I've heard enough about Kendrick Perkins. I mean, really? Still? It's been six days. My patience has worn off.
A nice player, yes.
A contributor to the 2008 championship team? Sure.
Gritty. Tough. A perfect fifth banana. The right guy for the right team.
All those things are true about Kendrick Perkins.
And now we can add this: Overrated.
Who would've guessed it? Until last Thursday Perkins fit perfectly as an example of what we look for when trying to define an underrated player.
Think about it: Surrounded by stars, does the dirty work, no commercials, no All-Star Games, no huge contract. Keeps his head down, puts up consistent numbers and never tries to do more than he's supposed to in the system.
You know how every championship team has that one guy the announcers always point to as underrated? Bill Mueller, Derek Fisher, Mike Vrabel, Ron Harper, Dave Concepcion. You know the type.
And until last week that guy for the Celtics was Kendrick Perkins.
And now, thanks to the trade to Oklahoma City, I've heard more about Perkins in the last six days than I did in the last seven years.
Mr. Underrated is gone, replaced by a hybrid of Bill Russell, Robert Parish and Moses Malone.
I mean, come on. This is Kendrick Perkins we're talking about here. I don't want to take shots at him, but this is a guy with career averages of 6.4 points and 6.1 rebounds a game. He has never played 30 minutes a game in any season. Hugely limited offensively and to find a Boston athlete with a worse pair of hands you have to go all the way back to, well, Tony Allen. But you get the point.
And I think many if not most among fans and media -- after letting the trade marinate for a couple of days -- have been able to at least understand why Danny Ainge made the deal, even if they don't agree with the move.
But there still remains a group that think this trade meant punting on Banner 18. And we aren't just talking about Rich from Malden here, either. Some serious A-listers in the local media think that letting Perkins go is a disaster. Glenn Ordway spent the first hour of the ALL NEW BIG SHOW (didja hear about it?) telling Michael Holley why the trade was a banner-blocker.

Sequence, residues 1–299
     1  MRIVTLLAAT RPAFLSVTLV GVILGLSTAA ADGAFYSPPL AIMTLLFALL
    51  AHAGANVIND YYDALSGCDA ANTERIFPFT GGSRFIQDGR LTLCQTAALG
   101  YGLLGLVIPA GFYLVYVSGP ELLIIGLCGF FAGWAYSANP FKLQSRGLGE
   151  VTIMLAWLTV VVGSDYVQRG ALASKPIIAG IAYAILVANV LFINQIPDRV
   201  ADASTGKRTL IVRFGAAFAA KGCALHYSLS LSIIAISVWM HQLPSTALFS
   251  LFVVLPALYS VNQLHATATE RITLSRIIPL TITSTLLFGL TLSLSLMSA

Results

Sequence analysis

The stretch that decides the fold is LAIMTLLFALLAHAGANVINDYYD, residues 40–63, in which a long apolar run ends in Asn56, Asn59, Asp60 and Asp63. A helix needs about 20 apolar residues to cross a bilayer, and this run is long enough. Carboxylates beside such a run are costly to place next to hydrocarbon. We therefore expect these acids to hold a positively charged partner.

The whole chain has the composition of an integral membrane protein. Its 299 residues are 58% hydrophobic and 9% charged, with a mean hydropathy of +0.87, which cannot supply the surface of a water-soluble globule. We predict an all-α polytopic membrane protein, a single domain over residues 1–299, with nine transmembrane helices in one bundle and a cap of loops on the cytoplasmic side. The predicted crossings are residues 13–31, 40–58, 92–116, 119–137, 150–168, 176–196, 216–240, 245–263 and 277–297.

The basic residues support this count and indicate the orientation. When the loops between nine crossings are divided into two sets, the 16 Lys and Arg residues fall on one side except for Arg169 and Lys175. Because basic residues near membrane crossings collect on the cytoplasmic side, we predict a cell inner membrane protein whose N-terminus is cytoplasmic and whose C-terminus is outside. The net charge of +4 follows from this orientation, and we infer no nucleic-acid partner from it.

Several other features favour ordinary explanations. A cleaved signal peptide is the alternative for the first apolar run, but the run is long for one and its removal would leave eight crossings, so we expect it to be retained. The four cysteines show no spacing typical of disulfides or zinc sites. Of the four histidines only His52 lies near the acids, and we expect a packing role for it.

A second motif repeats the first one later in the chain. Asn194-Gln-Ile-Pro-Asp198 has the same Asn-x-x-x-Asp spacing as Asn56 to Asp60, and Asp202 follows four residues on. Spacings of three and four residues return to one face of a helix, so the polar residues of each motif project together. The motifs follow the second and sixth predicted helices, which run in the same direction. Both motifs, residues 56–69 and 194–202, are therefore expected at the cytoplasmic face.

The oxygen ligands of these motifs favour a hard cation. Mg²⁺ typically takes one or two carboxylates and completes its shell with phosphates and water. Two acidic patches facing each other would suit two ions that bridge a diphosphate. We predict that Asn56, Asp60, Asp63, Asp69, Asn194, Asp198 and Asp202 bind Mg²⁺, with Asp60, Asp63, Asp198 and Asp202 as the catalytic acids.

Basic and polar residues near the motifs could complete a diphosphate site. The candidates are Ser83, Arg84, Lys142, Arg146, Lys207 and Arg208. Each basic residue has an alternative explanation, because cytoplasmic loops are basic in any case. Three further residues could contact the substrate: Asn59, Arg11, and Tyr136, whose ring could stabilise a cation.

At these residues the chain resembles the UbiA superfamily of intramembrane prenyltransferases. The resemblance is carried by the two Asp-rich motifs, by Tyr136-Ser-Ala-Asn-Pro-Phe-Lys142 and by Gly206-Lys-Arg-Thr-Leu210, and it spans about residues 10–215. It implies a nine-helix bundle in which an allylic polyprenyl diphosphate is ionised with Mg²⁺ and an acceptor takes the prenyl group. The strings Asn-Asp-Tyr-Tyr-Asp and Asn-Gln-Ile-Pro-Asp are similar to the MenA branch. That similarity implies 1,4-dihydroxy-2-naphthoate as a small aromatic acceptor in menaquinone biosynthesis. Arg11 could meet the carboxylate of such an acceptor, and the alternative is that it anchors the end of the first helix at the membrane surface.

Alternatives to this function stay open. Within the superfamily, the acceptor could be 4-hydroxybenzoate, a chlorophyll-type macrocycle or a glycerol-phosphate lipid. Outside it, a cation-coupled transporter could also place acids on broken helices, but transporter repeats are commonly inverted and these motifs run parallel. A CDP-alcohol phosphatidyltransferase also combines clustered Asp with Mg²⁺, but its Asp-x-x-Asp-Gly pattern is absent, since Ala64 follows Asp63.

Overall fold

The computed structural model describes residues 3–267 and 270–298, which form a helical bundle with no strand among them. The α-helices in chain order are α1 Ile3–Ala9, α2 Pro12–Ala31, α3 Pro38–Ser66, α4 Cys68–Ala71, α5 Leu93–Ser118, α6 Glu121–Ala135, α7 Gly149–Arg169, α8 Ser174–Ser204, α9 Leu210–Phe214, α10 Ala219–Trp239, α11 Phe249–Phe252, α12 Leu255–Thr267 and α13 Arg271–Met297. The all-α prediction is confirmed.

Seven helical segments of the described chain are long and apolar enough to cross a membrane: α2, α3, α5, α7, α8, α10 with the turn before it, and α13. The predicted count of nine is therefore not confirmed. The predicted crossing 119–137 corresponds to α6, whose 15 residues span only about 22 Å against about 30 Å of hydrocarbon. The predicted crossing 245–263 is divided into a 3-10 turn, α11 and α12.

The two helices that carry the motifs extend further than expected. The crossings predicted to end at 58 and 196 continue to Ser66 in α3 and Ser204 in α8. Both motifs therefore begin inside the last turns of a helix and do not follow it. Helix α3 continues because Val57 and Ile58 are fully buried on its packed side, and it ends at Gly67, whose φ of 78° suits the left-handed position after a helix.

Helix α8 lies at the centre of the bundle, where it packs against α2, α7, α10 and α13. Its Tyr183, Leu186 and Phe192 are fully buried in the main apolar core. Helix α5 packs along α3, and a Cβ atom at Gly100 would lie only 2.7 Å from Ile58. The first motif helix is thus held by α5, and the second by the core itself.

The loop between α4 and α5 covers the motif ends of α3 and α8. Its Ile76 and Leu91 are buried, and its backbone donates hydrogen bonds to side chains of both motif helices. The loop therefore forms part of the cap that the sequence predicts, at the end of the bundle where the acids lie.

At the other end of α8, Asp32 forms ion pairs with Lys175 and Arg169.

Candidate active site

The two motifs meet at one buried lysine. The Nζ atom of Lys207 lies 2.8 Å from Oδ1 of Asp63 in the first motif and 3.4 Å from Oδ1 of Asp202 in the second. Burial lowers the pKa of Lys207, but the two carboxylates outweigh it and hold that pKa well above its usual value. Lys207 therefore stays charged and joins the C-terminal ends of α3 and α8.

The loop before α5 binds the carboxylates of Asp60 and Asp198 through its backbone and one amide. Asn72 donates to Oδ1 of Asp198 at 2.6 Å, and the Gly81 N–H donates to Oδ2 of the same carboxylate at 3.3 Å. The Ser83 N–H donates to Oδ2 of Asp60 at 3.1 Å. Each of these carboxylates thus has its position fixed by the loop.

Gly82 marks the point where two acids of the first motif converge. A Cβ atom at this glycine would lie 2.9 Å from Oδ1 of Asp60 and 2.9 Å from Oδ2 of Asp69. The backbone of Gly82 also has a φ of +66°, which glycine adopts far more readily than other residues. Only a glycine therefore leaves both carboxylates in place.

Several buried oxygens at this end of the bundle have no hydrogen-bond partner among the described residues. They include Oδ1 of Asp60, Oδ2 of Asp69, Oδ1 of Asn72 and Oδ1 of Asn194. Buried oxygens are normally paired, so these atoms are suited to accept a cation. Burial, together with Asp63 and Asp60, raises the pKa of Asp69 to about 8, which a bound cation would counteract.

And I had to go back and make sure Rajon Rondo wasn't part of this deal after watching Michael Felger and Dan Shaughnessy perform a 10-minute duet of Ainge-bashing on Comcast Sunday night that might have been semi-comical if it hadn't come across as a completely orchestrated act of forced contrarianism.
Look, Perkins was clearly a valuable member of the Celtics. No question. And I don't think it's impossible that the Celtics lose the deal. I think Jeff Green is the best player in the trade and will be a solid No. 2 to Rondo when the Big Three exit, but maybe it turns out that he won't be that guy. Or maybe he doesn't like Boston and bolts for warm weather when the time comes. Who knows?
But I do know this: Since the trade three myths about Kendrick Perkins have emerged.
Perkins is the "Heart and Soul" of the Celtics defense: First of all, I don't even know what that means. But I've sure heard it enough the last five days. My guess is that Perkins -- a fine defensive player -- fits the profile of what people want to see when trying to cast the Heart and Soul role. The scowl. The aggressiveness. All business. People are comfortable doing that. I get it.
But if there is a "Heart and Soul" of this Celtics defense you and I and anyone who has even kept one eye on this team since November 2, 2007 know that Kevin Garnett is the beginning, middle and end of that debate. I'm OK with the idea that Perkins is a top-five defensive center in the league, but Garnett is a top-five defensive player. Which leads me to some more debunking …